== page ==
B&W: February Feature
B&W: FEBRUARY FEATURE
+THE GREAT COLLABORATOR:
Getting heated with the dynamic Renée Coolbrith
WORDS / SAM PFEIFLE
PHOTOS / MATT ROBBINS
PHOTOS / MATT ROBBINS
“As a delusional person,” she says, looking to undo stigmas around body dysmorphic disorder and anorexia and CPTSD, “I cannot wait to tell people that the world is not the way they think it is.”
We’re talking over Zoom — that’s what we do nowadays — but the force of her energy comes across, regardless. A native Mainer, there’s more than a little New Yorker in her. The words seem at times to crash into you as she moves across topics in a hurry. You will not run into many people with a more palpable self-confidence.
And that comes from having a well-studied knowledge of herself. Coolbrith knows she’s never going to be happy doing one thing, staying in one lane. Maybe that’s why she’s one of the most accomplished and versatile collaborators in the Maine music scene. She’s worked to augment tracks with hip-hoppers like Vinyl Cape and Sarah Violette. Supplied dreamy lead vocals to innovative jazz-duo Odd Couple. Fueled pop-dance tracks as part of a duo with the likes of Trent Gay (and OHX). And now she’s co-fronting one of the most interestingly heavy rock groups in Maine, Johnny Cremains, while also partnering with Dustin Saucier in the emo project Pretty Sad — oh, and doing this all-gal punk group, MissFits, and . . .
Well, you get the idea. She’s not one to be tied down. And when you can both create the right kind of creepy croon for Johnny Cremains and hit the bell-clear crispness required for Odd Couple’s exactitude, people keep knocking on your door whether you like it or not.
“People say, ‘You should really focus on one thing,’” she muses, “and I say, ‘You should really focus on yourself, bro.’ People thought I was, like, greedy. Like I’m getting too much stage time in this town. But I’m just being an introverted person with an external processor.”
Like the artists she grew up emulating — Freddie Mercury, Prince, Dave Gutter — there’s more to her passion for music than making music. She’s a performer as much as anything. Why would she pass up an opportunity to get in front of people and make great things? It’s so damn fun!
But, at the same time, Coolbrith is conscious of the face she’s putting on, and more than one admirer has wondered exactly who the person is behind that persona.
“I’m attracted to people who are just profound, but have an anonymous part to them,” she says. “People are all in their faces, and trying to steal their privacy,” but they manage to transcend their personal biographical details by always refocusing people on their art.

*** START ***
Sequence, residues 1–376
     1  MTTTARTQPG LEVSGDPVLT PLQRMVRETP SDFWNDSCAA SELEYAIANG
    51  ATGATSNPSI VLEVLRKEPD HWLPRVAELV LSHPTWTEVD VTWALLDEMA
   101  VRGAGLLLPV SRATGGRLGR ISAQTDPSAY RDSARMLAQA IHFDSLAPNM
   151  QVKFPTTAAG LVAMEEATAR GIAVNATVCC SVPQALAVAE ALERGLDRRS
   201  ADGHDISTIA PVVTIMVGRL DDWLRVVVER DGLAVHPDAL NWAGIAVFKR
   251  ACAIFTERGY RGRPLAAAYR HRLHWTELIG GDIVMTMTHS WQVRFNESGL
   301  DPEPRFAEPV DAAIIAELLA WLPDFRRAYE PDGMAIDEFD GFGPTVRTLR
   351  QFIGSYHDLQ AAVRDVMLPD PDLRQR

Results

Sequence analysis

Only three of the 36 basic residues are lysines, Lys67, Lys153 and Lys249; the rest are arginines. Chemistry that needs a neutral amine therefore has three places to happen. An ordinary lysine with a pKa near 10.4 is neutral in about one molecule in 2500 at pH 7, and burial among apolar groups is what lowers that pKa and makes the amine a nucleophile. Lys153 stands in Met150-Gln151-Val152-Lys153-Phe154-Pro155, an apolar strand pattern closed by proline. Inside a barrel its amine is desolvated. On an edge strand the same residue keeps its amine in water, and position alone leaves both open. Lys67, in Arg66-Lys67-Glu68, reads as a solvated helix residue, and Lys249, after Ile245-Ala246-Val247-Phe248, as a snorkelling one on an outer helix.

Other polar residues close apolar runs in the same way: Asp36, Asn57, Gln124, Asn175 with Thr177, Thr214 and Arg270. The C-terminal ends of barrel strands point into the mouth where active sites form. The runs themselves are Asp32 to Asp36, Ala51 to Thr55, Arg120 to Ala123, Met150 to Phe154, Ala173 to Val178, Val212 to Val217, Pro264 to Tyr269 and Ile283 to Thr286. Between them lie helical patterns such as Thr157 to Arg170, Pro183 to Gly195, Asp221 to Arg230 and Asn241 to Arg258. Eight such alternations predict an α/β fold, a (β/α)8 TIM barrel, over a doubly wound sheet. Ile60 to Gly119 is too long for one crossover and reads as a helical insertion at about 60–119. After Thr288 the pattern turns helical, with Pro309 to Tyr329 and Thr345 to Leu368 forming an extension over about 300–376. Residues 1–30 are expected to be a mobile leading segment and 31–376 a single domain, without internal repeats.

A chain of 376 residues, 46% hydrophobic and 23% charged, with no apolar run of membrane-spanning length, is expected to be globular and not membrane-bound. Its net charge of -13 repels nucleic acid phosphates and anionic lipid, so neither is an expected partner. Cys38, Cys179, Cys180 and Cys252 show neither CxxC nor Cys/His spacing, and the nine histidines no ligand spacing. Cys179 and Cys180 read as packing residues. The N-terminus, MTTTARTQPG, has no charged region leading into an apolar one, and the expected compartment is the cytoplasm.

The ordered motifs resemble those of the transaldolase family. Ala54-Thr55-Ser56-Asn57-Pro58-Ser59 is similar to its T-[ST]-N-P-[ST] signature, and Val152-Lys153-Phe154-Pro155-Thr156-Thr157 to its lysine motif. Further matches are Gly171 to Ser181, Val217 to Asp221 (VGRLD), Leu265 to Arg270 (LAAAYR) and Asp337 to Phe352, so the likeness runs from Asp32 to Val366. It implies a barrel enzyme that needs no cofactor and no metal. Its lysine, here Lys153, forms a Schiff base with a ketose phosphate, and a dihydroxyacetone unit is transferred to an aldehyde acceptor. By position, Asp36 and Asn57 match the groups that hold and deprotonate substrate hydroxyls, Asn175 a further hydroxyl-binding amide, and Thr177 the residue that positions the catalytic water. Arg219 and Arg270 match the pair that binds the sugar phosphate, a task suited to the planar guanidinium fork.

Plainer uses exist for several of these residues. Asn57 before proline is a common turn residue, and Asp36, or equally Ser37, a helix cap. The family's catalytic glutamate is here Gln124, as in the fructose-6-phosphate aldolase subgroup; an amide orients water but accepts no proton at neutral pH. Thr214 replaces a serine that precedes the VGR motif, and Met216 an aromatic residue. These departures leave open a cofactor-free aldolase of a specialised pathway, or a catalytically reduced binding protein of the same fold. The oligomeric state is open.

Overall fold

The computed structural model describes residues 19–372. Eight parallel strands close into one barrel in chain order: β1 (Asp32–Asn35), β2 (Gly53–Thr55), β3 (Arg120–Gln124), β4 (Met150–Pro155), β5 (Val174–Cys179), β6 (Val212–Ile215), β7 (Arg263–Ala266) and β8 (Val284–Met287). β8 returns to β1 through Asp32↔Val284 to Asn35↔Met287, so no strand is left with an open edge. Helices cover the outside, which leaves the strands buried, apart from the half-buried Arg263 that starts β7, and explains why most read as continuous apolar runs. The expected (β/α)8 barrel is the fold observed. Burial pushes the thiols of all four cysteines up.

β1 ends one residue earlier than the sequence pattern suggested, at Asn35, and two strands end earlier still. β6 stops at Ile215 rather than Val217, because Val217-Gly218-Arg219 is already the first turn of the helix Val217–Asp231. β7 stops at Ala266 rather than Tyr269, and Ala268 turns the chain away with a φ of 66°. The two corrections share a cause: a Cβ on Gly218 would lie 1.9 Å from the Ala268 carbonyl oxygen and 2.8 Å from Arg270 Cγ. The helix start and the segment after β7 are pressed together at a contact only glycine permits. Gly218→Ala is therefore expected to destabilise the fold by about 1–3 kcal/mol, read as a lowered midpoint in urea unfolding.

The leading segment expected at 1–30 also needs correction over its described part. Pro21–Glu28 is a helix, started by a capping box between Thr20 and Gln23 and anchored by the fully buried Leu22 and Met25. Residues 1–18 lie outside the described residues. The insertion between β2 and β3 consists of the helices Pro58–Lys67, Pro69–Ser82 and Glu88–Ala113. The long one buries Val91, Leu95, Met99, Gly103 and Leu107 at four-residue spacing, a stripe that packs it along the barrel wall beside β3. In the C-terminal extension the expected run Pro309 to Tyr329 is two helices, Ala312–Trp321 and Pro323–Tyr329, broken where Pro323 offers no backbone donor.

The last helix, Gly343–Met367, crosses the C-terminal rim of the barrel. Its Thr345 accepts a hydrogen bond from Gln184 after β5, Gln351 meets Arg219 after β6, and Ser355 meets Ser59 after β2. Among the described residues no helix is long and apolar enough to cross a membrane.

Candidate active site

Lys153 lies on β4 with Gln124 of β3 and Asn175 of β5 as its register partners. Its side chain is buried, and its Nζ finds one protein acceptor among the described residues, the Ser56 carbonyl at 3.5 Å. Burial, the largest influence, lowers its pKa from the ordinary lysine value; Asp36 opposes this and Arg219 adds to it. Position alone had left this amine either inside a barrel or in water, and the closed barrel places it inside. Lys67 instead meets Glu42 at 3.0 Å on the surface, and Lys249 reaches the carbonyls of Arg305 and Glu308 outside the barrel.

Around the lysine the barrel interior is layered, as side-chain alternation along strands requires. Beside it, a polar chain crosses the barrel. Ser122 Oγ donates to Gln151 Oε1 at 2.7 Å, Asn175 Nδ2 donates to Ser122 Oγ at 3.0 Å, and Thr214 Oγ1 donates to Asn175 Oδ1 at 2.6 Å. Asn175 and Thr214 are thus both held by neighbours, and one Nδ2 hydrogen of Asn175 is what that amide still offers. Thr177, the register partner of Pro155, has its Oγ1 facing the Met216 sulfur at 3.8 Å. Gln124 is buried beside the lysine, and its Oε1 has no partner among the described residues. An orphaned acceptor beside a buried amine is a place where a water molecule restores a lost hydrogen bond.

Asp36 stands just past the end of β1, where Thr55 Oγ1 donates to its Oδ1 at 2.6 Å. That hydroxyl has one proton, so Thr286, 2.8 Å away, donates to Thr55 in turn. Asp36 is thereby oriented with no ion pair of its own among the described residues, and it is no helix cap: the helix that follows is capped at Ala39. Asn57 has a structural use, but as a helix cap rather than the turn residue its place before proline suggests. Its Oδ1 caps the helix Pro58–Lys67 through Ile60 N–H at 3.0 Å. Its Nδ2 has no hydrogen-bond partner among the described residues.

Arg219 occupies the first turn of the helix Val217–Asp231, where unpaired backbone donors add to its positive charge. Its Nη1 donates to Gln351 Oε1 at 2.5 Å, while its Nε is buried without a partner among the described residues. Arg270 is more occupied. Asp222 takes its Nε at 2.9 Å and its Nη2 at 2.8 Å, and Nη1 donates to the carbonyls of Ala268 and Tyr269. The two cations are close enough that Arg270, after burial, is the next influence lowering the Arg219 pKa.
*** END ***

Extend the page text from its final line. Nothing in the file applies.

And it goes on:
What is Prince if not his outfits, his symbol, his music, his creations? Just a little dude from Minneapolis. Freddie Mercury was from everywhere and nowhere when he commanded the stage.
“I get excited,” she says, “when I meet a true creative, who’s not creating to be seen first.”
Likely, it’s that straightforward honesty and sense of purpose, shrouded in a bit of mystery, that has led to her profile in the cannabis industry, judging events like the High 95 Cup and serving as a brand ambassador currently for Earth Air.
“I was probably like 14 when I became a regular pot smoker,” she laughs. “With my brother in the barn.” But that doesn’t mean she thinks weed is a cure-all. Just like she’s done with drinking, “THC isn’t for everyone,” she says. “It can make people anxious and change their thought processes. It’s just a plant, but it’s a powerful plant.”
“I was probably like 14 when I became a regular pot smoker,” she laughs. “With my brother in the barn.”
She also has harsh words for those in the industry who try to make weed inaccessible to those just coming to it now that it’s adult-use legal.
“They just get so crazy,” she says. “There’s this bravado. It’s in beer, too. It’s in wine. It’s in any kind of craft where you can act like a douche bag to make yourself feel important. When people turn it into a personality, that’s where it stops for me.”
What’s Coolbrith looking for in a cannabis product, then? “Just make it consistent,” she says. “Just make it something safe, something with real information about how it’s going to make me feel. I want you to care about the craft and not about trying to make it the biggest or the mostest.”
In general, she’s a fan of sativas and sativa hybrids, saying the indicas can sometimes make her feel a little panicky and neurotic, and she’s also not afraid to get into some of the concentrates, like shatters and badders, with her dab rig. In fact, the last thing she said to me leaving the photo shoot was, “we gotta get you a torch!”
But she’s also conscious that not every cannabis product is for every person. “There are people who love smoking weed,” she says, “and they meet someone who says they don’t like it and they’ll say, ‘You’re just not trying the right ones, man!’ And I’ve been that person! But some people just want CBD, and they don’t even know that world yet.”
It can be easy, nowadays, to lose track of just exactly what world anyone is in, of course. It’s certainly hard to style yourself a performer when there’s nowhere left to perform. Coolbrith has done a stream or two here and there, but the experience is “mad awkward” and deeply unsatisfying when you’re used to working a crowd.
And so she finds herself writing solo material, looking for racists to call out online, and generally trying to sit with herself.
“I’ve been going through it, for sure,” she says. “But I think the contrast will hit on the other side. It will make things a lot sweeter.”
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